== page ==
Thursday, January 19, 2023

Interview with Zoe Rosi, PRETTY EVIL

Can you give us a brief overview of your latest book? Is it part of a series?

My latest book is Pretty Evil. It’s a novel about a ‘MeToo serial killer’ called Camilla Black. Camilla is a vigilante murderer of bad men – rapists, abusers, paedophiles and creeps. She’s a fashion magazine editor by day and killer by night. I describe the book as ‘The Devil Wears Prada meets American Psycho.’


Do you have a favorite character?

Yes, I adore Camilla. She is a very out-there character. She’s bold and has quite an edgy personality. I’m really proud of her as I think she’s a unique creation. It was important to me that her story and her motivations as a serial killer were believable. This involved doing a lot of research into psychopathy and forensics, which was dark and disturbing at times, but worth it to create Camilla.


Did you try the traditional route to publishing, i.e. querying agents/publishers?

Yes. I have self-published and been traditionally published. Prior to writing thrillers, I wrote romantic comedies. I had four romantic comedies published with a top 5 publisher and self-published two. I then got an agent who helped me land a two-book deal with a traditional publisher for my thrillers.


How long before you got your offer of representation/your first contract? Was it for your first novel?

About two weeks! We went on submission with my novel, Pretty Evil, which had been published a year earlier by an indie press as Predator. I’d managed to get my rights back, which was fortunate, and as a result of the book having been published before, it was very polished. I think this helped me gain a deal quickly. My agent sent the manuscript to Thomas & Mercer, who were our first choice of publisher and they offered us a deal.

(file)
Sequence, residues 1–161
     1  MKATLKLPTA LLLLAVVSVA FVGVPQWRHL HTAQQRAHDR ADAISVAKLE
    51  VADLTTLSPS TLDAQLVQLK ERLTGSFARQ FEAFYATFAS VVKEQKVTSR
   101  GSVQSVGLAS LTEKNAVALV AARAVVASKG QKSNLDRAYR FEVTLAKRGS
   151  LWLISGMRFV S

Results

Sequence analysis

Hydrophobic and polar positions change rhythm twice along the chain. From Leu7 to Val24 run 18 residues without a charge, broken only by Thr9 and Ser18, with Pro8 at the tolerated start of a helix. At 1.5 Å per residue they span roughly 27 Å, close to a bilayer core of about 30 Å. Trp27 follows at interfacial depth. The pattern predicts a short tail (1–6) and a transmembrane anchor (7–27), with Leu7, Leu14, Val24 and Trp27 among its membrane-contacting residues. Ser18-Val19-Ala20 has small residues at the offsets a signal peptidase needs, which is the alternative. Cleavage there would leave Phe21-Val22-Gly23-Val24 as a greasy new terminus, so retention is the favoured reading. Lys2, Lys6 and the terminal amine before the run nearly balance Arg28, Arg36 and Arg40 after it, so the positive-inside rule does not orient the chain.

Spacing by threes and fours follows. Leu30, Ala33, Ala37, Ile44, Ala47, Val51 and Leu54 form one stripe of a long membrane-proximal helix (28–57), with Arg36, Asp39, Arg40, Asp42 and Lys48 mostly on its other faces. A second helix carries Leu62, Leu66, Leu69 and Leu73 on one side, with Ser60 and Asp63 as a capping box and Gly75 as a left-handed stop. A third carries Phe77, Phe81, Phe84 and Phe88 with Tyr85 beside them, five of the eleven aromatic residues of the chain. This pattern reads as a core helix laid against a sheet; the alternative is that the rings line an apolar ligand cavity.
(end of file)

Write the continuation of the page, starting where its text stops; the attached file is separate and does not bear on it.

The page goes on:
What factors influenced your decision to go with a particular agent or publisher?

When I was querying, I had a lot of agents compliment my writing style and hook, but they often then went on to say that my Pretty Evil was ‘too violent’, ‘too dark’ and ‘too graphic’. This frustrated me as I didn’t see that as a bad thing. American Psycho by Bret Easton Ellis is incredibly violent, graphic and dark, and yet it’s an iconic book that has sold millions of copies. Like American Psycho, my novel is told in first person from the perspective of an extremely twisted serial killer. Of course, it is going to be dark, graphic and violent. If it was anything else, it would be inauthentic. I realized I had to find an agent who understood this and didn’t want me to soften my novel. I was not willing to turn my character, Camilla, into something she was not in order to pander to risk-averse people. I was going to stick to my guns.


I could tell when I first spoke to my agent, Rukhsana, that she loved Pretty Evil exactly as it was and truly appreciated its dark nature. Rukhsana had no interest in changing or softening my book and believed in it as it was. This is how I knew she was the right agent.


Thomas & Mercer also had a similar approach to Pretty Evil, appreciating it as it was, rather than wanting to tone it down. This is a key reason why I signed with them.


If you used a graphic designer/publisher’s designer, how involved were you during the creative process for your cover?

I was keen for my cover to feature a woman’s lips as I liked the idea that readers could pose with the cover over their own face. I thought this would be fun and good for marketing. The final cover of my book is sultrier and darker than I’d imagined it would be, but I really like it.